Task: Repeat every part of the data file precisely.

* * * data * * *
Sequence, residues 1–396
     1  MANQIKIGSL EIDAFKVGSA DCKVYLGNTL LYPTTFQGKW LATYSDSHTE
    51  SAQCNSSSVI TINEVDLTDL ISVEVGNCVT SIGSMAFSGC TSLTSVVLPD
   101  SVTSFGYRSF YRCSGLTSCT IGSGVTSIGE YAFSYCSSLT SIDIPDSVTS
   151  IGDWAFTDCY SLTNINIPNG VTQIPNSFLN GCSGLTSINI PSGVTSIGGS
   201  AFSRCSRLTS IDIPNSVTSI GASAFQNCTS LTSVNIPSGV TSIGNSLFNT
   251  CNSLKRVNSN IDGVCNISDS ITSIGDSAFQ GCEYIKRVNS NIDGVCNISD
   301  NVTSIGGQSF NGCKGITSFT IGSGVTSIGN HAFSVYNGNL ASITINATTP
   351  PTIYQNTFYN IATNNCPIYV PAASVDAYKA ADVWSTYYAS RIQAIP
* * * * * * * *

Sequence, residues 1–396
     1  MANQIKIGSL EIDAFKVGSA DCKVYLGNTL LYPTTFQGKW LATYSDSHTE
    51  SAQCNSSSVI TINEVDLTDL ISVEVGNCVT SIGSMAFSGC TSLTSVVLPD
   101  SVTSFGYRSF YRCSGLTSCT IGSGVTSIGE YAFSYCSSLT SIDIPDSVTS
   151  IGDWAFTDCY SLTNINIPNG VTQIPNSFLN GCSGLTSINI PSGVTSIGGS
   201  AFSRCSRLTS IDIPNSVTSI GASAFQNCTS LTSVNIPSGV TSIGNSLFNT
   251  CNSLKRVNSN IDGVCNISDS ITSIGDSAFQ GCEYIKRVNS NIDGVCNISD
   301  NVTSIGGQSF NGCKGITSFT IGSGVTSIGN HAFSVYNGNL ASITINATTP
   351  PTIYQNTFYN IATNNCPIYV PAASVDAYKA ADVWSTYYAS RIQAIP